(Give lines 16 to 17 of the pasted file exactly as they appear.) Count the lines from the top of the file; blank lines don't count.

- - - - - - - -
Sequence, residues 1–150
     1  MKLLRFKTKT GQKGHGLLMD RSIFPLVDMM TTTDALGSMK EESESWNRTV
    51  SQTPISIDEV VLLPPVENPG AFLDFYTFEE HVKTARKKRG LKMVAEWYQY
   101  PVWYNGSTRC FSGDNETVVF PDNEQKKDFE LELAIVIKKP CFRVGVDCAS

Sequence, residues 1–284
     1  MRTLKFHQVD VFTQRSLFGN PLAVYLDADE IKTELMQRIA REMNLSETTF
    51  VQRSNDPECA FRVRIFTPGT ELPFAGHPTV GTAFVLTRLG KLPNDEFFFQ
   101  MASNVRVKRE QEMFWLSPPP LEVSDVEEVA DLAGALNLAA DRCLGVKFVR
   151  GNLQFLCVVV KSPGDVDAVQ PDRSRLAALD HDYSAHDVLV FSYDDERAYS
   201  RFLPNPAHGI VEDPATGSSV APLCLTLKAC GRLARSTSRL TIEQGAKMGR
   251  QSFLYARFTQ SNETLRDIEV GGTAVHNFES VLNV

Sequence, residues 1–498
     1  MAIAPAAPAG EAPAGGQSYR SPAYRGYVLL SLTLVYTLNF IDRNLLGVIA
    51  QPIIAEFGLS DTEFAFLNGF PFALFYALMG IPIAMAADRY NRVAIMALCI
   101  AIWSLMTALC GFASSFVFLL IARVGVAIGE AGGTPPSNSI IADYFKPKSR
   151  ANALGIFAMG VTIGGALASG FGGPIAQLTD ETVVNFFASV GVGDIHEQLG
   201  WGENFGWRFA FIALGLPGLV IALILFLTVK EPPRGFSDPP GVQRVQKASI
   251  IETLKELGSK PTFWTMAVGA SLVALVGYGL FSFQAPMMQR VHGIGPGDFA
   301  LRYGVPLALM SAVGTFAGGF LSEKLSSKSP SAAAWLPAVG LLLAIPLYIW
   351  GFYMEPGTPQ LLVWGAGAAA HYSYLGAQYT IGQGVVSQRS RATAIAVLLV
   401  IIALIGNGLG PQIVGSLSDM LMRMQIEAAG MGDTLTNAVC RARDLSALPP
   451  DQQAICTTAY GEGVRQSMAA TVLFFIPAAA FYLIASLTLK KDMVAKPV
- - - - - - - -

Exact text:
   151  ANALGIFAMG VTIGGALASG FGGPIAQLTD ETVVNFFASV GVGDIHEQLG
   201  WGENFGWRFA FIALGLPGLV IALILFLTVK EPPRGFSDPP GVQRVQKASI